Manchin only had that kind of power, though, because he was operating in a narrowly divided Senate and Democratic leadership needed his vote to get anything done.

A Congressman Fung and the small group of Republican moderates he would join won’t be able to have the same kind of impact in the House next year unless the GOP margin is similarly slight.

“If it’s a big, Republican red wave, you’re just a lonely voice,” says former senator Lincoln Chafee, the last Republican to represent Rhode Island in Congress. “Who cares how you vote?”

In this scenario, the moderate Republican — however familiar and likable — is little more than an enabler for the conservative mainstream of the party.

That’s the argument Democrat Sheldon Whitehouse successfully used against Chafee in the 2006 election. And Magaziner, Fung’s Democratic rival in this year’s House race, is reprising it.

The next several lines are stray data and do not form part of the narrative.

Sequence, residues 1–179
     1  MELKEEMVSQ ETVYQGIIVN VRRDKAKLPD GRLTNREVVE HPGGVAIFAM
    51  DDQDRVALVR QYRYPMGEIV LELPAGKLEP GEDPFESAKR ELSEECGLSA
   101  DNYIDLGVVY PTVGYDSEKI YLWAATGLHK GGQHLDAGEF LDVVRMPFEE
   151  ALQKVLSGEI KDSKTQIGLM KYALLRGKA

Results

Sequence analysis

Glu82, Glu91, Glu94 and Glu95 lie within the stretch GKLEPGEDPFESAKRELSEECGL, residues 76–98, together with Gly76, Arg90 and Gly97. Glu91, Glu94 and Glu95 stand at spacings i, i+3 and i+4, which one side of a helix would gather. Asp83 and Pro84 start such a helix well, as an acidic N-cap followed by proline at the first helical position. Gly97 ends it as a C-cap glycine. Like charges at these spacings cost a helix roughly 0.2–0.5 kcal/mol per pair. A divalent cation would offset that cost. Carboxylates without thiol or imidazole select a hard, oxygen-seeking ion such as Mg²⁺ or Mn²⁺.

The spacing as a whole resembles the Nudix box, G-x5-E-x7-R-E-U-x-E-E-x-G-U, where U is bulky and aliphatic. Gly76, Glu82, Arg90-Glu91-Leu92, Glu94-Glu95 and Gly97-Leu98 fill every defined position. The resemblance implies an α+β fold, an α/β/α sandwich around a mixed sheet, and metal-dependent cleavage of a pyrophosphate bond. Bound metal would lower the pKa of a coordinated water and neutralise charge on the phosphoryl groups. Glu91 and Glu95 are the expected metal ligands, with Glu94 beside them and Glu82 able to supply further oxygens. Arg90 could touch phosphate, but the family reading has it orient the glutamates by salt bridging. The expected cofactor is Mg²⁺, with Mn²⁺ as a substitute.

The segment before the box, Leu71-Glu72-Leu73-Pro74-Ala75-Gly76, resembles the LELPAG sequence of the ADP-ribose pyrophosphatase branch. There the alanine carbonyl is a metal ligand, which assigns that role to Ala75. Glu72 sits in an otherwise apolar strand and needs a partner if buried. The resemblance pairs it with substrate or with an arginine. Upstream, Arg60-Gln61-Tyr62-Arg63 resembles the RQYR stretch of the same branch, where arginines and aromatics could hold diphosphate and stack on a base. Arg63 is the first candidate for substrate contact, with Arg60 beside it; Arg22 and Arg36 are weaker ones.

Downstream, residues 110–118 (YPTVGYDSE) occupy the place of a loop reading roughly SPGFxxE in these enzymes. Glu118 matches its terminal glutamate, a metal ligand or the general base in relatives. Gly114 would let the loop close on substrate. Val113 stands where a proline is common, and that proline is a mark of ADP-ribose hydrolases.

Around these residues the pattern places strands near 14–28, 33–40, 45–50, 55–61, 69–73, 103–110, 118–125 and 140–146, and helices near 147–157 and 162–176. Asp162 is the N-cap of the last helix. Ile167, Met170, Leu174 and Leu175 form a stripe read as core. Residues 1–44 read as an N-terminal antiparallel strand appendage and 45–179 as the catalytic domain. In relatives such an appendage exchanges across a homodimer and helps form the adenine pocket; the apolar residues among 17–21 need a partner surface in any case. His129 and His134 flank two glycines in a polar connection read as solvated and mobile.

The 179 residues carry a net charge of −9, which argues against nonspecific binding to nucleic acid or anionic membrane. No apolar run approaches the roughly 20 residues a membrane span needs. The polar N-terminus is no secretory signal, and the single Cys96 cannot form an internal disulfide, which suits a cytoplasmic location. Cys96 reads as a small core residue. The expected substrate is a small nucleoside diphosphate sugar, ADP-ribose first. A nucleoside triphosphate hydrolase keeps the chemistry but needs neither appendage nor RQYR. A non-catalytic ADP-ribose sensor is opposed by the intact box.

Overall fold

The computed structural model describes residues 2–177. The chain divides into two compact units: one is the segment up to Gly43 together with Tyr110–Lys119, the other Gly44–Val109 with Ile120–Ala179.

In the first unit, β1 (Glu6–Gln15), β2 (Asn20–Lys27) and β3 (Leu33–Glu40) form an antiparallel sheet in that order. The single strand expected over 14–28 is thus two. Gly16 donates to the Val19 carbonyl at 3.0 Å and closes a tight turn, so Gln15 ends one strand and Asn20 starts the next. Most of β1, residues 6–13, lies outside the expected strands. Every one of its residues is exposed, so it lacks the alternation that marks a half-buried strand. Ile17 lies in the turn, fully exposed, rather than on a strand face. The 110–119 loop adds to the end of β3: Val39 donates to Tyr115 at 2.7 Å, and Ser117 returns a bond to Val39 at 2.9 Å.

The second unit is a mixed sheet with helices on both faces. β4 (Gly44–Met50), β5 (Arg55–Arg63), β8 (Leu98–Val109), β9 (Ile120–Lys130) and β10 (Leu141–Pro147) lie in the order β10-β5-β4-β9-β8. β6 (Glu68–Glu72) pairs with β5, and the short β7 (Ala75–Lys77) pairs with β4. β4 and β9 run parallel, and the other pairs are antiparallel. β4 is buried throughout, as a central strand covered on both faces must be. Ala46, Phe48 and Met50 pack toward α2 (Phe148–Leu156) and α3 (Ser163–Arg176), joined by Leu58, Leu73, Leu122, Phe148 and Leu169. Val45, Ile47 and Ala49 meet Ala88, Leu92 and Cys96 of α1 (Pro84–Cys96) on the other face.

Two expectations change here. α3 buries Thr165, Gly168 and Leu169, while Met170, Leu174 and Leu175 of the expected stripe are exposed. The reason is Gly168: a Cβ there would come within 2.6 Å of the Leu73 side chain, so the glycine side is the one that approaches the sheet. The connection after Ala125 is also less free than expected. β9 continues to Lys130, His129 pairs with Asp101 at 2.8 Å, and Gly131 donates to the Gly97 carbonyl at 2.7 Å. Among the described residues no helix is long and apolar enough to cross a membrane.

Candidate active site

House Republican leader Kevin McCarthy visited Fung in Rhode Island in August.Handout

In a recent televised debate at the Providence Performing Arts Center, he said Fung’s professed support for abortion rights rings hollow when he has vowed to support a GOP leadership that opposes those rights. And he made a similar argument about Fung’s pledges to protect Social Security.

“He has committed himself, repeatedly, to voting for a Republican leadership team that has said that cutting Social Security and Medicare is one of their top priorities,” Magaziner said.

Whether the GOP would actually move forward on such a politically risky venture is unclear.

But the party may be forced to address another weighty matter that some rank-and-file Republican lawmakers wish would just go away — the Trumpian assault on democracy.

Trump seems to be preparing for another presidential run in 2024. And he’s doing all he can to keep bogus claims about widespread election fraud at the center of American politics.